Delegation to Participate in Key Meetings with WTO Director-General Lamy, Negotiating Chairs on Agriculture, NAMA and Services
Washington, DC – With recent signs of progress in the Doha Round of World Trade Organization (WTO) negotiations, the National Foreign Trade Council (NFTC) and other leading business groups will participate in a U.S. business delegation to Geneva spearheaded by the American Business Coalition for Doha (ABCDoha) from April 14-16, 2008. While in Geneva, the delegation will meet with WTO Director-General Pascal Lamy and key WTO negotiating chairs, including Ambassadors Don Stephenson, Chairman of Negotiating Group on Market Access; Crawford Falconer, Chairman of the Special Session of the Committee on Agriculture; and Fernando de Mateo, Chairman of the Council on Trade in Services, among others.
“The NFTC and the broader U.S. business community are deeply committed to achieving a meaningful and successful conclusion to the Doha Round as soon as possible this year,” said NFTC Senior Vice President Catherine Bennett, who will represent the NFTC on the trip. “We are encouraged by recent reports from Geneva on progress being made in the negotiations, and we look forward to hearing from the negotiating chairs and ambassadors themselves about how the process is unfolding.”
This is the ABCDoha Coalition’s first mission to Geneva, and the purpose is to gain firsthand knowledge of progress being made on the ground and to underscore the U.S. business community’s commitment to a successful conclusion to the Round. In addition to the NFTC, the delegation includes representatives from the American Iron and Steel Institute, the Automotive Trade Policy Council, CropLife America, the Emergency Committee for American Trade (ECAT), the Grocery Manufacturers Association (GMA), the National Association of Manufacturers (NAM), and the U.S. Chamber of Commerce. In addition, a number of individual company representatives will participate in the delegation, including six NFTC member companies – Cargill, Kraft, Mars, Phillip Morris International, Toyota and Wal-Mart.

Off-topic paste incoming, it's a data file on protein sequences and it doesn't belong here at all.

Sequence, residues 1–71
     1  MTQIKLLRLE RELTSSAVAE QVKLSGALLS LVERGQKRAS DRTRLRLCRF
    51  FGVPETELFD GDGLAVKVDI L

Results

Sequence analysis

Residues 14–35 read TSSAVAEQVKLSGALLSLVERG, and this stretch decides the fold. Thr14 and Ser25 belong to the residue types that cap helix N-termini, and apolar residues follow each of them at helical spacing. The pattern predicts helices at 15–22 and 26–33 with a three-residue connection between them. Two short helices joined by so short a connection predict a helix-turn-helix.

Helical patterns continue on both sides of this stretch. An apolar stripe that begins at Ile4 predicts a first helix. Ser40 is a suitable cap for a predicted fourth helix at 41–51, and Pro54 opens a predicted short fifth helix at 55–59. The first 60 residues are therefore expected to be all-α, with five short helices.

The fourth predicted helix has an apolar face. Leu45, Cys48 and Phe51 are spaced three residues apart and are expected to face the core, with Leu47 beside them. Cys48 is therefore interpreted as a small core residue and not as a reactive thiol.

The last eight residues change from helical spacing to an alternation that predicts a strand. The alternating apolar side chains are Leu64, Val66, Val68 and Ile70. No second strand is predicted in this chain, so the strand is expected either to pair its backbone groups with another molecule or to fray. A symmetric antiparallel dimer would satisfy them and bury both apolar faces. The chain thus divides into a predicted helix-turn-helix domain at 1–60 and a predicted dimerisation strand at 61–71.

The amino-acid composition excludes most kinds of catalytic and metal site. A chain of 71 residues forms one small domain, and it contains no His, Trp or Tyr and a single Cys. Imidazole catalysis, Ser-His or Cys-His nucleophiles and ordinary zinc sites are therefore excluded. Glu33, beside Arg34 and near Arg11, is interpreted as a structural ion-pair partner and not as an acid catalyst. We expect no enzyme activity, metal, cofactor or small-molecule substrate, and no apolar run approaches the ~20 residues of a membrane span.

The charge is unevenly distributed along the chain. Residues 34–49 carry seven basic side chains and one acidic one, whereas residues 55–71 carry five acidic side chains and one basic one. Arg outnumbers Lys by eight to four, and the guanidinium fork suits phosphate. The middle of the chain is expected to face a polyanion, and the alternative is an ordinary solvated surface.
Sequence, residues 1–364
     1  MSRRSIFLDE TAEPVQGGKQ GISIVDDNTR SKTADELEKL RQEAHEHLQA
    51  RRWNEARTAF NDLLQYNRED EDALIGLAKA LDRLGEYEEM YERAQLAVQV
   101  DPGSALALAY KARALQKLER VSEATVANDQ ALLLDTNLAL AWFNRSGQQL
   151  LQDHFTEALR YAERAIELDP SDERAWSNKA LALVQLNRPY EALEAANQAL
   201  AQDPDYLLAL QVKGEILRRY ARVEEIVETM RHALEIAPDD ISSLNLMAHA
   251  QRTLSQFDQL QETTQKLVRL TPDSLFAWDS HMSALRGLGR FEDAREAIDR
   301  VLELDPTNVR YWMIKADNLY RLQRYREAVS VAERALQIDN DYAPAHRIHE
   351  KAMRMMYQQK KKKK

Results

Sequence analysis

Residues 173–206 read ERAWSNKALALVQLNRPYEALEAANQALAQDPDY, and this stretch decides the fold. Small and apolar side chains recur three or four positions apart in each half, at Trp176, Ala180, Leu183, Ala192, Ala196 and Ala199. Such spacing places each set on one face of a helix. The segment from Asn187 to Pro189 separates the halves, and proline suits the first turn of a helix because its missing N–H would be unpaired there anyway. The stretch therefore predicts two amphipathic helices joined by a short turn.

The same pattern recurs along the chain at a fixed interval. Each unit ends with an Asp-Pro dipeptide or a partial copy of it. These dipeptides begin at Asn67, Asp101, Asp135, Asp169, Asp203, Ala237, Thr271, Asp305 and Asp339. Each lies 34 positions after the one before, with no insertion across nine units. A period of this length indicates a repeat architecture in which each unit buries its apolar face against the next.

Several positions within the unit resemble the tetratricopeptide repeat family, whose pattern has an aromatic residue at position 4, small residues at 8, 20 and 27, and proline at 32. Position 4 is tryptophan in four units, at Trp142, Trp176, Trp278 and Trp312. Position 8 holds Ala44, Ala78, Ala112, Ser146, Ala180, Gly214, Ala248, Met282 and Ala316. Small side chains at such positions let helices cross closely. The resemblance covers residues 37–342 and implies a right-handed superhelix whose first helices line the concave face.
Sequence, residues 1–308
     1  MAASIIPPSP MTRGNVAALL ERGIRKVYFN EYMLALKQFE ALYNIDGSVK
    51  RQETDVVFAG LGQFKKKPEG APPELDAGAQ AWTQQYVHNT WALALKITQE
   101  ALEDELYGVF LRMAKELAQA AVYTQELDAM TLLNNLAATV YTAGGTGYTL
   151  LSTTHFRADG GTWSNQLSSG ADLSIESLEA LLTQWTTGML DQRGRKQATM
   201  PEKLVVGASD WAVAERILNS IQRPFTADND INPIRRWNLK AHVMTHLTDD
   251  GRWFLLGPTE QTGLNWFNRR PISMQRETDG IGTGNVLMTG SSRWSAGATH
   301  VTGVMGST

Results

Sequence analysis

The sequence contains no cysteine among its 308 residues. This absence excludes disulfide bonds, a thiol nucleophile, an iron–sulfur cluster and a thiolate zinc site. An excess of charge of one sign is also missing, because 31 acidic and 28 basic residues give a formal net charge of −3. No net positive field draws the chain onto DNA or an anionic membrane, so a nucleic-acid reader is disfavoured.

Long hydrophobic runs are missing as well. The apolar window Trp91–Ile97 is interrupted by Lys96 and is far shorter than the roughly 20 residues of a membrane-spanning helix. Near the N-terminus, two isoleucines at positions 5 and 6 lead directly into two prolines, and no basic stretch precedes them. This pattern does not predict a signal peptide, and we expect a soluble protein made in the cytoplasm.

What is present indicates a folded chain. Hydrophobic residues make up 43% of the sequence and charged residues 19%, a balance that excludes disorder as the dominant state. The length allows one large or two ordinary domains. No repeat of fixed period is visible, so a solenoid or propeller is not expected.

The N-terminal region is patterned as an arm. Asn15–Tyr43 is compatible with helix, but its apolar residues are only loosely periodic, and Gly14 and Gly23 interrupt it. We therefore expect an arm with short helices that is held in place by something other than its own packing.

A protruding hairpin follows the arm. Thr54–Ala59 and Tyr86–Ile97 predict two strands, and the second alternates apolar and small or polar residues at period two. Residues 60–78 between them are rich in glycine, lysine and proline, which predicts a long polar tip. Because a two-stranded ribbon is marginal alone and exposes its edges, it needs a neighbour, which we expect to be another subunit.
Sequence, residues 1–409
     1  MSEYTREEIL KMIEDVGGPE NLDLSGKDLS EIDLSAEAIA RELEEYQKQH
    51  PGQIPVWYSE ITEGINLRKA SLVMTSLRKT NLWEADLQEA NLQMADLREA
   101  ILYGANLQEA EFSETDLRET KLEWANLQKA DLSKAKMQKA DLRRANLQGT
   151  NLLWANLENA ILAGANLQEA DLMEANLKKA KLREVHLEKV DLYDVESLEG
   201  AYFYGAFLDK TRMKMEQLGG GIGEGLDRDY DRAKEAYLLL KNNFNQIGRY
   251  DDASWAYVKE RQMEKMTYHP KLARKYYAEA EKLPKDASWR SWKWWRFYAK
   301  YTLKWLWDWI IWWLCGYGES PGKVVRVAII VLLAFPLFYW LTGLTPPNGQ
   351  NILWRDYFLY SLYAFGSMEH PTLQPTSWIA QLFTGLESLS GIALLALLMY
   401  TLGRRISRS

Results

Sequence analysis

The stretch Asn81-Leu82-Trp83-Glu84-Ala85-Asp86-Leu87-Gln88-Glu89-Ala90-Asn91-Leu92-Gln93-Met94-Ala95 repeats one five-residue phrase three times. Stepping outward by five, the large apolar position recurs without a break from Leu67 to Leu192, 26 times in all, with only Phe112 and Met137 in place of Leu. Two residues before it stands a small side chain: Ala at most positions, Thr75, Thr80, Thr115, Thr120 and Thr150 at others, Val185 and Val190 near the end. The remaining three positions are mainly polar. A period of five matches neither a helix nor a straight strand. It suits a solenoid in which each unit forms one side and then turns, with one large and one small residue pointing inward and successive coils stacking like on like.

“Given the state of world financial markets and increasingly protectionist sentiments cropping up around the globe, a successful conclusion to the Round would inject optimism into discussions about trade and global commerce. The international community has a real opportunity in the Round to substantially liberalize otherwise closed markets and create a framework for developing nations to prosper,” said Bennett.
“The next several weeks will serve as a test of the global community’s dedication to achieving these lofty, but attainable, goals. It is critical that all nations work together with a real sense of purpose to make the Round work and conclude it successfully this year,” said NFTC President Bill Reinsch.